Opposition politicians in Guinea are welcoming the ouster of former Prime Minister Lansana Kouyate, while union leaders say they will take a wait and see approach.  Kouyate was fired in a presidential decree read on state television Tuesday. Ricci Shryock reports from our regional bureau in Dakar.

Opposition leaders said Kouyate had not done enough to improve economic conditions of Guineans, and that they welcomed his dismissal.

Kouyate was named consensus prime minister in 2007 following violent union-led protests against long time President Lansana Conte.

Union leaders said Wednesday they would wait until the new prime minister, Ahmed Tidiane Souare, names his new government before commenting further.

Souare is close to President Conte, and has previously been minister of mines and education.

He told journalists Wednesday he would work for reconciliation, change and ending what he called a state of cacophony at the higher echelons of Guinea's government.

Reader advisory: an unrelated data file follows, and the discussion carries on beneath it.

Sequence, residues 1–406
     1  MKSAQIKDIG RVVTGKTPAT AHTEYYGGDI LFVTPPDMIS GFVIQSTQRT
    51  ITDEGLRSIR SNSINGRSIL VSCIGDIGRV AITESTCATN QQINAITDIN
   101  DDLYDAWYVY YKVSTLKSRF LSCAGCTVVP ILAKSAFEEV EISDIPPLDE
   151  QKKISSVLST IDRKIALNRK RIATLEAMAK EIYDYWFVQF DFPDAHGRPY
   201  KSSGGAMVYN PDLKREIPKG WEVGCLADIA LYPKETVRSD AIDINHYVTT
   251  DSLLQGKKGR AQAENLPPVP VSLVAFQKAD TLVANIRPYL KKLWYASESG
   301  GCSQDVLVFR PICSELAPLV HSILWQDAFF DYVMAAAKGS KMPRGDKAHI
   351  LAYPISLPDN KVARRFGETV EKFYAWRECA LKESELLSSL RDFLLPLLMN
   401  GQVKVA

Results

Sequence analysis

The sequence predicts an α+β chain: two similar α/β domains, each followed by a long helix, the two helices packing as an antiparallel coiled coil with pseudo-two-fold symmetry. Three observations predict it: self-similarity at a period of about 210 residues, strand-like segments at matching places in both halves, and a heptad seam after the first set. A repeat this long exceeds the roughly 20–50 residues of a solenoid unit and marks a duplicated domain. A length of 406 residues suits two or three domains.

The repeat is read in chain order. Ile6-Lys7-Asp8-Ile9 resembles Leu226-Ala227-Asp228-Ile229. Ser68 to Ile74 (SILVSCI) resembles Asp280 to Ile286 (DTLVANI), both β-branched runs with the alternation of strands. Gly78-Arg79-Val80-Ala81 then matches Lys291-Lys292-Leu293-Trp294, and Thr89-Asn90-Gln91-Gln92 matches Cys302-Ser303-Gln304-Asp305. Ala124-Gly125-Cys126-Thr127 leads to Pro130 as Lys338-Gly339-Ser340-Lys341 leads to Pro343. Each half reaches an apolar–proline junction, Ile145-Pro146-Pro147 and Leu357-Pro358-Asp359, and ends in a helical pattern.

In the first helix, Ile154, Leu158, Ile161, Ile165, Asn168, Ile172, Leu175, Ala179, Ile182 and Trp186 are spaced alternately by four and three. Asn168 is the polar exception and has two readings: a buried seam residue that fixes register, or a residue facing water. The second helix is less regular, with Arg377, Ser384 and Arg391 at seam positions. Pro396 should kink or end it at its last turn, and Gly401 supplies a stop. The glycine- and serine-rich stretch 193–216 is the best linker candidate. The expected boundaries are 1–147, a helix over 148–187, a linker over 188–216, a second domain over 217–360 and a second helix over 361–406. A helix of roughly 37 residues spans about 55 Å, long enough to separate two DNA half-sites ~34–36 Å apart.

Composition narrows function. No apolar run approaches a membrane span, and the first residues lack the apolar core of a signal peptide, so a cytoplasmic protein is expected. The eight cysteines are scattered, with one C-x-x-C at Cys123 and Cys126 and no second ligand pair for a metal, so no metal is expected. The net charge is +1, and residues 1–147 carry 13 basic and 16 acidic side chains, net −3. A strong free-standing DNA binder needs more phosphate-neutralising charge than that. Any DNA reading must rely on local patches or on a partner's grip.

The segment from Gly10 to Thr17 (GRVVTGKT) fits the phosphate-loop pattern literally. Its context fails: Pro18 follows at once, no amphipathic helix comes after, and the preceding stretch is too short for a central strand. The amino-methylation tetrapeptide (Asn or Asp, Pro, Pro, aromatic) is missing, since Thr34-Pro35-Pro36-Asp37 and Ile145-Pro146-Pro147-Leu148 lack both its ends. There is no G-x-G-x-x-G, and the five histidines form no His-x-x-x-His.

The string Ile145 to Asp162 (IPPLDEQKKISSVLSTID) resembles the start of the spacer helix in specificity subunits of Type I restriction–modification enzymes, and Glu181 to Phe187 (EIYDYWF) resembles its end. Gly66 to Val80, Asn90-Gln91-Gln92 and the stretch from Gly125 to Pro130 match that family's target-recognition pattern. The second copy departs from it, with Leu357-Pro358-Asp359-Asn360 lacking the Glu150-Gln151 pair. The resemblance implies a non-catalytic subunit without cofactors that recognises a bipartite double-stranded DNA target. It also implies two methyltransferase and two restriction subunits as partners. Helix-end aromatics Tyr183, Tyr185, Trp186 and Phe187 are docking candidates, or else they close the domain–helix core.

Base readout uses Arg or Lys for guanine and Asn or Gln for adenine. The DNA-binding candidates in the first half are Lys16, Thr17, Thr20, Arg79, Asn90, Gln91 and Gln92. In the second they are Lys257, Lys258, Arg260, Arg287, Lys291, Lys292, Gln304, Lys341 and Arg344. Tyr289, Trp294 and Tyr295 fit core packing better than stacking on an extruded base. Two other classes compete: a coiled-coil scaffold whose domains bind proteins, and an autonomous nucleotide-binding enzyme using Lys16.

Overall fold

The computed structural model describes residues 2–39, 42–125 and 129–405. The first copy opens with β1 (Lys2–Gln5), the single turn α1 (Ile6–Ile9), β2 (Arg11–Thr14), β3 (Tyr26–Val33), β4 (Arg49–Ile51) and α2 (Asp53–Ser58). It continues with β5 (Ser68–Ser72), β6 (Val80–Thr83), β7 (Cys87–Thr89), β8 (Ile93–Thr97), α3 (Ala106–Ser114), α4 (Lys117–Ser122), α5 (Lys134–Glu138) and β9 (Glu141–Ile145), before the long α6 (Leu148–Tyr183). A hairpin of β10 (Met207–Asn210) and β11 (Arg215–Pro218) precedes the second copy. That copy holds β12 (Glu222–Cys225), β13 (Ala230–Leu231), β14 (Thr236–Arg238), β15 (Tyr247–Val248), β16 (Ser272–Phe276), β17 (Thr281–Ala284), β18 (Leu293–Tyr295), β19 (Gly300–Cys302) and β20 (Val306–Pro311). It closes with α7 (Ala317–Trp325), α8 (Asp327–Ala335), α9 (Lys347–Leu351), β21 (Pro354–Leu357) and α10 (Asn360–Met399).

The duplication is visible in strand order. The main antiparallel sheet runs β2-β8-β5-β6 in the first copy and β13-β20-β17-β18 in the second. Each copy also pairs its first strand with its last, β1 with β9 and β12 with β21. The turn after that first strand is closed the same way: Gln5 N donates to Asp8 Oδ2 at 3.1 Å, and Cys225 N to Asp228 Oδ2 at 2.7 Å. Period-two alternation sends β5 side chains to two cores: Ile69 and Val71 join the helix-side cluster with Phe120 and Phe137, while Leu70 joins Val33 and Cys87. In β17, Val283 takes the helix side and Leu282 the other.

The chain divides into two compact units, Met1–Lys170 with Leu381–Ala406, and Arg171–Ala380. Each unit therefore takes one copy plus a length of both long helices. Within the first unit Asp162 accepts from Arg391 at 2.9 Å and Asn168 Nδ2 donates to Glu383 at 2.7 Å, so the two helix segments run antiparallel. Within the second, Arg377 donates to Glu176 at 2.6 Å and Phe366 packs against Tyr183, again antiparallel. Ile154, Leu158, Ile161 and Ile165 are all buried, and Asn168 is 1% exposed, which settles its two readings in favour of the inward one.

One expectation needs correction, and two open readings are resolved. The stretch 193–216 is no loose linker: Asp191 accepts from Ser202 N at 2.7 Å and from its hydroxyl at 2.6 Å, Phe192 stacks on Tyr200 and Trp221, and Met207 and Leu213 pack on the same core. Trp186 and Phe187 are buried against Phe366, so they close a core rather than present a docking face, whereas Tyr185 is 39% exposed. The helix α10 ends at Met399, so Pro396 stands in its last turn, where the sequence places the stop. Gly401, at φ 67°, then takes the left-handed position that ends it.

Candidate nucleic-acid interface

Immediately after the announcement Tuesday night, youths took to the streets and threw stones in protest in several suburbs of the capital Conakry. But Wednesday the situation was calm.

In the eastern city of Kankan, though, shops and offices were closed, in fear of possible violence.  Kankan is populated mainly by ethnic Malinke, the ethnic group of the dismissed prime minister.

A senior researcher for West Africa for the New York-based group Human Rights Watch, Corinne Dafka, warned of increased violence.

"A clear concern of ours, and I am sure others, is that this firing could provoke another wave of violent protests in Guinea," Dafka said.

Dafka says the government reacted violently to public protests in 2007, and she worries it will happen again.

"We are concerned about the way those were dealt with about one year ago, in which at least 130 individuals were gunned down and otherwise killed in other forms by members of the security forces," Dafka said.

President Conte has been in power since a coup in 1984. Berlin-based Transparency International has called his government one of the most corrupt in the world.

The West African country is home to mineral wealth-it holds more than a third of the world's known reserves of bauxite-but most of its citizens live in poverty.